[swift-evolution] ternary operator ?: suggestion
possen at gmail.com
Wed Dec 16 20:11:06 CST 2015
So maybe just eliminating the commas is enough, if possible I would like to avoid using parenthesis. I am not sure the rules, could do something like this
if possible would prefer not adding parens if possible (this is cleaner than the original proposal):
let a = sel ->> .Red: 1 .Green: 2 .Blue: 3
if it is necessary then something like this:
let a = (sel ->> .Red: 1, .Green: 2, .Blue: 3)
let a = (sel ->> .Red: 1 .Green: 2 .Blue: 3)
let a = sel ->(.Red: 1, .Green: 2, .Blue: 3)
So essentially it is a multiplexer.
> On Dec 16, 2015, at 4:36 PM, Paul Ossenbruggen <possen at gmail.com> wrote:
> Hi Chris,
> So, just trying to understand if you think this is a good direction to continue with or you think it is inherently flawed.
> Can you give me an example of a function argument list or array separator that we would have a problem? I will see if I can address it.
> Thanks for the feedback!
> - Paul
>> On Dec 16, 2015, at 3:14 PM, Chris Lattner <clattner at apple.com <mailto:clattner at apple.com>> wrote:
>> On Dec 16, 2015, at 2:56 PM, Paul Ossenbruggen via swift-evolution <swift-evolution at swift.org <mailto:swift-evolution at swift.org>> wrote:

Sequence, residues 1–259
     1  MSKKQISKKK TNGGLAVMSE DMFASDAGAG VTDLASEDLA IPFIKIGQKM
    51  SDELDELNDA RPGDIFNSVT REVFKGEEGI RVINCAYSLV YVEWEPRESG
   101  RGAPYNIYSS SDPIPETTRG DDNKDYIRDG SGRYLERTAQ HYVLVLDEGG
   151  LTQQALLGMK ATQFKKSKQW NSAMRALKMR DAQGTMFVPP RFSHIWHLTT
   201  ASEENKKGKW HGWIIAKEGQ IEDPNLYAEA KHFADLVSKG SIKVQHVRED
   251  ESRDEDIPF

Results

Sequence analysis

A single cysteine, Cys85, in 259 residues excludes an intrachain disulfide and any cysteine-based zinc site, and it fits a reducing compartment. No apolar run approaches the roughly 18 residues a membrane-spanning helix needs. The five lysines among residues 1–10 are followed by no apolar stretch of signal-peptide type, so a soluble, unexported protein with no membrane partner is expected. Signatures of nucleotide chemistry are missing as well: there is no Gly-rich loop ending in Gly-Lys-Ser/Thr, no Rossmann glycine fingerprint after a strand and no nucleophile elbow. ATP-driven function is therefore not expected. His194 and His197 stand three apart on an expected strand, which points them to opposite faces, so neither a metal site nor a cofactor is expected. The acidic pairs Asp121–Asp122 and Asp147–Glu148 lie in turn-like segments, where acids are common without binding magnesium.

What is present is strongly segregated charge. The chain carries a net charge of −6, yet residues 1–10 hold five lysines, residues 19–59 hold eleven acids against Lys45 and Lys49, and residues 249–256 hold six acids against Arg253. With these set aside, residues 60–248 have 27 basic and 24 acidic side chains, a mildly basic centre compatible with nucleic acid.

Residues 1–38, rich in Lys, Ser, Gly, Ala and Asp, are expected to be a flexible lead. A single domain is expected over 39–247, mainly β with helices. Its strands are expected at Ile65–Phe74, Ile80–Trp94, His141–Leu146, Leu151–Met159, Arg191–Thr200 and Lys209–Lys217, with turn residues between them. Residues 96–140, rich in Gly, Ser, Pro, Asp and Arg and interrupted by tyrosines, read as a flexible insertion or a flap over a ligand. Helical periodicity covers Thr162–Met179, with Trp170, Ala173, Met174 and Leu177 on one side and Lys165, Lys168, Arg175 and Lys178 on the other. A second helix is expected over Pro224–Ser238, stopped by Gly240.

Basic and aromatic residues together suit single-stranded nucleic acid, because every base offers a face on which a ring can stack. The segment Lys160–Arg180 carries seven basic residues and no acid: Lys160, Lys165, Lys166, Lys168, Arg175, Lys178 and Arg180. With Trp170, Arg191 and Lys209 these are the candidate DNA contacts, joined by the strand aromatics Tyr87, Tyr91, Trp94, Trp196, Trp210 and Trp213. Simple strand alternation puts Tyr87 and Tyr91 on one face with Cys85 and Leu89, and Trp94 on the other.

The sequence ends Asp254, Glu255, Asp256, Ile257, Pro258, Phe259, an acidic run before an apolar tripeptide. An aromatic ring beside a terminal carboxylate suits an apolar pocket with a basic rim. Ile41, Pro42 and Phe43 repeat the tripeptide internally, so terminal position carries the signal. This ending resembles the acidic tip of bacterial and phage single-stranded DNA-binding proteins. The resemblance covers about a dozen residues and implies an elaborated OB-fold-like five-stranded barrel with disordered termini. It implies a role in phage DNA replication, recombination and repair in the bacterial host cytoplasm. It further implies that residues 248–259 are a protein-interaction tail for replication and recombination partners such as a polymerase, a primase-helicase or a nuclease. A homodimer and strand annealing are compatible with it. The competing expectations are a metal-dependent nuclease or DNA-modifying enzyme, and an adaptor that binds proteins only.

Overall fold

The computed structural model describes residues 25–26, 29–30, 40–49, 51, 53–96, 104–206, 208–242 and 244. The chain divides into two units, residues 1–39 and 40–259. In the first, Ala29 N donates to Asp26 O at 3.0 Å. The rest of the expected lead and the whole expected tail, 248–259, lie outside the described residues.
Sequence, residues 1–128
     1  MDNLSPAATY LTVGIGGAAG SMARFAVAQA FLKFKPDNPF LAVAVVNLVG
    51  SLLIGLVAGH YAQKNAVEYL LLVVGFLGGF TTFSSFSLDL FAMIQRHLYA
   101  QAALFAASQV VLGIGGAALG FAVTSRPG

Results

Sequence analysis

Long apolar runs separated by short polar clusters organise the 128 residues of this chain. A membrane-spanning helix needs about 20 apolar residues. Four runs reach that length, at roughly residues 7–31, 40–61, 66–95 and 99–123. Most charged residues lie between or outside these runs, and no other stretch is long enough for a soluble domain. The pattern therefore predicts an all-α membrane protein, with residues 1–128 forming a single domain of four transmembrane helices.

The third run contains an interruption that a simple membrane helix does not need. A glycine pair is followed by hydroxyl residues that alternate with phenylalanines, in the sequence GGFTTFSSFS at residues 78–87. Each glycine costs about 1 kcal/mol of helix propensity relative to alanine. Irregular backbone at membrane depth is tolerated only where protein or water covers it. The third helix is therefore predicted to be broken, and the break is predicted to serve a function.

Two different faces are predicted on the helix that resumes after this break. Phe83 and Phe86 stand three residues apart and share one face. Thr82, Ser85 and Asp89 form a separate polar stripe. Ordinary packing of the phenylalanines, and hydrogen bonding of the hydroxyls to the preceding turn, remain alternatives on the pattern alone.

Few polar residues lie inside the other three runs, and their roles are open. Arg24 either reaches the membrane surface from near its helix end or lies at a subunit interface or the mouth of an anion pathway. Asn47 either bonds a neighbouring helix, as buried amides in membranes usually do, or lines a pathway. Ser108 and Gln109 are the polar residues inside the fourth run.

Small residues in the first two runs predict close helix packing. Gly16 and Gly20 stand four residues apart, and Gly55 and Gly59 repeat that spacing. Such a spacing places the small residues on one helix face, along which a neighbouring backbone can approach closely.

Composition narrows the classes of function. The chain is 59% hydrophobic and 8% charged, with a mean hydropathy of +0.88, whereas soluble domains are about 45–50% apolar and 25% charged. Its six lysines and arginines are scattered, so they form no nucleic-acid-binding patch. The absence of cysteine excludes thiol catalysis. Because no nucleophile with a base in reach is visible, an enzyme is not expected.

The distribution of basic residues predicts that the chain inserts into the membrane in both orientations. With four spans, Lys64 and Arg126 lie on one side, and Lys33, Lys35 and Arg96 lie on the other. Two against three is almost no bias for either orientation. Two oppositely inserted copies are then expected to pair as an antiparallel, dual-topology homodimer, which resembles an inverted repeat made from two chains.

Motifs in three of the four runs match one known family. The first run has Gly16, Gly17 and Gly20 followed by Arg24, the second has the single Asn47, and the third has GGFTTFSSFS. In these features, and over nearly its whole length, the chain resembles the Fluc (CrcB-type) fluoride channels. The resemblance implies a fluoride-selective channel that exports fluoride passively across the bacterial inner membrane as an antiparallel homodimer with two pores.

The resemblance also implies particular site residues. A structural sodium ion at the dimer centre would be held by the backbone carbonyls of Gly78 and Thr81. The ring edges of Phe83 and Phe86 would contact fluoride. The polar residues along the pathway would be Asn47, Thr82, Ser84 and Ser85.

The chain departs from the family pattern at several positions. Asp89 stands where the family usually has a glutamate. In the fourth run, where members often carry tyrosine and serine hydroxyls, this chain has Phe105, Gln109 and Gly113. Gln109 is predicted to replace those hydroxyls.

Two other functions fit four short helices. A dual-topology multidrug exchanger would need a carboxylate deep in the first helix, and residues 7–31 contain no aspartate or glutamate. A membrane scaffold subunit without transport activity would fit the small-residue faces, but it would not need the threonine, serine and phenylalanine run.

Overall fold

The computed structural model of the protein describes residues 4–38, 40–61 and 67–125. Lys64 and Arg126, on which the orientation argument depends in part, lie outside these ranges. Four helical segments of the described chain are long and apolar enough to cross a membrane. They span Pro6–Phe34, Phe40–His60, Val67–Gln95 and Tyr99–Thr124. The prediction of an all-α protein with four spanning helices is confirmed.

>>> I believe it also addresses the issues that Chris mentioned.
>>> to select from a boolean, a or b:
>>> let a = sel ->> true, false
>>> to select from an enum values as in a switch:
>>> let a = sel ->> .Red: 1, .Green: 2, .Blue: 3
>>> let b = sel ->> .Red: 1, .Green: 2, .Blue: 3, default: 4
>>> let c = sel ->> case .Red: 1, case .Green: 2, case .Blue: 3, default: 4
>>> let d = sel ->> .Red: 1, (sel ->> .Sun: .Yellow, .Moon: .White, .Stars: .Twinkle), .Green: 2, .Blue: 3, default: 4
>>> let e = sel ->> cases: .Red: 1, case .Green: 2, case .Blue: 3, default: 4
>>> • May be a slight improvement in readability. Operators have to be looked up if you are not familiar with them.
>>> • New concept that will have to be learned and not present in most C like languages so needs to be learned.
>> This specific proposal has another problem. Since you’re using “,” you’ve introduced grammar problems. For example, you wouldn’t be able to use this operator in a function argument list or array literal, because the , would be parsed as part of the argument list separator.
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